Butch Cassidy and the Sundance Kid is by far the best choice. Its portrait of the American West is gorgeous in the classic sense, but with just enough modern elegance to signal that the genre was headed toward new territory than even the westerns of the mid-sixties would suggest. The interiors are full of evocative, smoky shadows, and the exteriors pop with beautifully captured landscapes, with numerous shots (the entire train sequence but especially the explosion, the plunge into the river, the final freeze frame) that are memorable both for the aesthetics of the images but also their role in propelling the energy of the story. Sometimes the obvious choice is the worthiest.

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Best Cinemaqtography 1969

Postby Big Magilla » Wed Jun 14, 2017 3:19 am

There was an infusion of new blood in the Academy membership at the 1969 awards, but apparently not in the membership of the cinematographer's branch where exciting and innovative cinematography was ignored in favor of nominating veterans well past their prime.

Arthur Ibbetson had photographed some of the best British films of the 1950s and early 1960s, Tunes of Glory and Whistle Down the Wind among them, and would later photograph the under-rated 1984 version of The Bounty, but most of his career was spent photographing routine to bad films, among which Universal's creaky Anne of the Thousand Days was one of the worst. The cinematography wasn't bad, but there was nothing award-worthy about it any more than there was anything award-worthy about most of the film's other 9 nominations. It's a shame it was his only nomination, but it was totally undeserved.

Charles Lang won his only Oscar for 1932's A Farewell to Arms. Bob & Carol & Ted & Alice was his seventeenth of eighteen nominations, some of which included deserved nods for Some Like It Hot and How the West Was Won, but there was nothing award worthy about this pleasant at best caper.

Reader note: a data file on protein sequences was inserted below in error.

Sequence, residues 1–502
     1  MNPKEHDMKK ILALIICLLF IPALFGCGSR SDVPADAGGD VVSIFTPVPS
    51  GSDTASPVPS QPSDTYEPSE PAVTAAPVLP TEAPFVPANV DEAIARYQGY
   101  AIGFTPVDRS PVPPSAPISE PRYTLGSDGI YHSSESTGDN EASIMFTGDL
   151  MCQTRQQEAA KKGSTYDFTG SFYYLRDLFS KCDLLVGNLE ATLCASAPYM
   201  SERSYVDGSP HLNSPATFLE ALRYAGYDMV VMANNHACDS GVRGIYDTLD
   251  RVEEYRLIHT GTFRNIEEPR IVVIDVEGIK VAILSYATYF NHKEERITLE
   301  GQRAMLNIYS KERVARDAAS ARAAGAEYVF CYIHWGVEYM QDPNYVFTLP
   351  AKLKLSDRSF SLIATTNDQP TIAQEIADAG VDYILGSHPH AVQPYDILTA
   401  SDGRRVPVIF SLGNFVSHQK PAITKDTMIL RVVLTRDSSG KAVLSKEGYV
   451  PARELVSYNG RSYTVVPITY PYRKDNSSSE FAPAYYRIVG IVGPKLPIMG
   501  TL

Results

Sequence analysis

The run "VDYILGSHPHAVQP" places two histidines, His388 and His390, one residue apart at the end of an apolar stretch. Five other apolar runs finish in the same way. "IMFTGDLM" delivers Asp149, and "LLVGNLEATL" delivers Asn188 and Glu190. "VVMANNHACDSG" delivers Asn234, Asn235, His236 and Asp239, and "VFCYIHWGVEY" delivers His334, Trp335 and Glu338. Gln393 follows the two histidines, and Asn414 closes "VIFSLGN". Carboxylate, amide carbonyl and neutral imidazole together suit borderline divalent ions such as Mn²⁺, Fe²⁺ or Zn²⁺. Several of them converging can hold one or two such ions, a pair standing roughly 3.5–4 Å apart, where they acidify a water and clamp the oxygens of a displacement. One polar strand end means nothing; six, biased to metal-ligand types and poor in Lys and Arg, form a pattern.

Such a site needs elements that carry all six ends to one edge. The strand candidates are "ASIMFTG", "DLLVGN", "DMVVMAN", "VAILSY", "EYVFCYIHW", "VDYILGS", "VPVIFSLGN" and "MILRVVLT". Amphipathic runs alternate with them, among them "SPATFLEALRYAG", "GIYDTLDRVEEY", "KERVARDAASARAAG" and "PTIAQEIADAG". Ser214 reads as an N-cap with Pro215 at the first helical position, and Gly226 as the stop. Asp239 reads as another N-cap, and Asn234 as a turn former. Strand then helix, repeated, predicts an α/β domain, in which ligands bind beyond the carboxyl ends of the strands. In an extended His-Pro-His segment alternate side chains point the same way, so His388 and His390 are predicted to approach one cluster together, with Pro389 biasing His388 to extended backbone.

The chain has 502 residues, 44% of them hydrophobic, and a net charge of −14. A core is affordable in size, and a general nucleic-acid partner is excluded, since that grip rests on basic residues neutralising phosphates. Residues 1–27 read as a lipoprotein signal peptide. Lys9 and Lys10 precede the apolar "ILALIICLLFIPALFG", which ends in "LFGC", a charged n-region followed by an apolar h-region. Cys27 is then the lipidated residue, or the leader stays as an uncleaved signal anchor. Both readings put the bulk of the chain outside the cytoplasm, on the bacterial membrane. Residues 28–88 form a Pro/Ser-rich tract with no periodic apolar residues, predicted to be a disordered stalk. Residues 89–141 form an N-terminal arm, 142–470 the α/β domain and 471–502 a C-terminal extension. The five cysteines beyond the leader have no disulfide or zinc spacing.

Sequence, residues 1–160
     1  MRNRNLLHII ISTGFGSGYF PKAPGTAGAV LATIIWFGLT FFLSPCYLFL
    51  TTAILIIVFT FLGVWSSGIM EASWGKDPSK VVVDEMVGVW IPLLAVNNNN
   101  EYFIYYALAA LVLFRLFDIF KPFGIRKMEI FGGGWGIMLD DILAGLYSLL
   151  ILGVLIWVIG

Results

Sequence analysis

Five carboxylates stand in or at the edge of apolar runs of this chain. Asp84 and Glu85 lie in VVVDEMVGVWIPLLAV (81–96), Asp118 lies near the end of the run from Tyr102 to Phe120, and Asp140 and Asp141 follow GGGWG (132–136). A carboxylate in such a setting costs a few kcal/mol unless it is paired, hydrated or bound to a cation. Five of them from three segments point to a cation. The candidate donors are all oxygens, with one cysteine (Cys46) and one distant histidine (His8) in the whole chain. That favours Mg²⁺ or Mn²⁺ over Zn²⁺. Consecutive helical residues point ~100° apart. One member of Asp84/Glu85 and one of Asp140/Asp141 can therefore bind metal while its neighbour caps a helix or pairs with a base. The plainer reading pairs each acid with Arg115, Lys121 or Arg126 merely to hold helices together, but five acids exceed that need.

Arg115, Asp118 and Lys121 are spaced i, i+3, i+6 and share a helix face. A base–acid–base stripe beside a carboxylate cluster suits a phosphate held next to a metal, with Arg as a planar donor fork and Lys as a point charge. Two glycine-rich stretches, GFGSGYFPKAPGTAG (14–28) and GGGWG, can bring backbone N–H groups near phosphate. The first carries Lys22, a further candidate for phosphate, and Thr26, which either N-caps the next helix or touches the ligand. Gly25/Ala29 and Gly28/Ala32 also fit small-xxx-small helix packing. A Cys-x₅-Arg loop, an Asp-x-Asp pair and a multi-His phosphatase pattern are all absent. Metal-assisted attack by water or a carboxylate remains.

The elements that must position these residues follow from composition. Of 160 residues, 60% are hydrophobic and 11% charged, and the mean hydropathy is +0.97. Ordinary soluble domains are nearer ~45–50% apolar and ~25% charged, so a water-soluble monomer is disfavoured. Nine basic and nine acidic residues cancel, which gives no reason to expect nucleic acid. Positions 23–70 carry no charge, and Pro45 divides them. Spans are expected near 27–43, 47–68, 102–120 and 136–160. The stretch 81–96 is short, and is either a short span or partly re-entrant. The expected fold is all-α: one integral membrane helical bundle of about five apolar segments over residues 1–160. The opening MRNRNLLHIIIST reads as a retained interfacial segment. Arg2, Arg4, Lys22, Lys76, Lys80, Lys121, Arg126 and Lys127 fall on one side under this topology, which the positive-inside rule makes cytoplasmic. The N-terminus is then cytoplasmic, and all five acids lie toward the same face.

The great Harry Stradling, Sr. was nominated posthumously for the 14th time for the clunker that was the film version of Hello, Dolly!. His past glories included wins for The Picture of Dorian Gray and My Fair Lady and nominations for A Streetcar Named Desire and Auntie Mame, but there was nothing here that deserved a nod.

Daniel L. Fapp had been around since the 1940s but didn't attract awards recognition until the late 1950s, then reached his peak with West Side Story. Marooned provided his second unworthy nomination in two years, following Ice Station Zebra the year before.

Conrad L. Hall had been around since the late 1950s and received his fourth nomination for Butch Cassidy and the Sundance Kid following his brilliant work on In Cold Blood for which he had been nominated two years earlier. His was the only acceptable choice and an easy winner in such company, but there were better choices.

No 1969 film had more striking cinematography than Midnight Cowboy, but the credit was all given to director John Schlesinger and not to first-time cinematographer Adam Holender.

Haskell Wexler had won an Oscar for Who's Afraid of Virginia Woolf, then was ignored for In the Heat of the Night and again for Medium Cool, his first feature film as a director. His deft mix of actual footage of the street riots surrounding the 1968 Democratic national convention and fictional story was a sit-up-and-take-notice event in 1969.

Ditto Miroslav Ondricek's stunning work on Lindsay Anderson's If..... He would eventually earn Oscar nods for Ragtime and Amadeus, but here is where he should have first been singled out.

Gerry Turpin won a BAFTA for Oh! What a Lovely War, Richard Attenborough's directorial debut and far and away the best film he would ever direct. Turpin's cinematography opened up the jukebox musical and gave it a haunting look throughout.

Pasquale De Santis, who won an Oscar for 1968's Romeo & Juliet and Armondo Nanuzzi shared credit for the cinematography on Luchino Visconti's The Damned and should have shared an Oscar nomination as well.

Don't like my alternate picks? Then what about Z, The Wild Bunch, They Shoot Horses, Don't They?, Once Upon a Time in the West and Adalen 31 or five other films? With so much to choose from, it's a sad commentary on the cinematograhers' branch that they nominated what they did in this great year for film.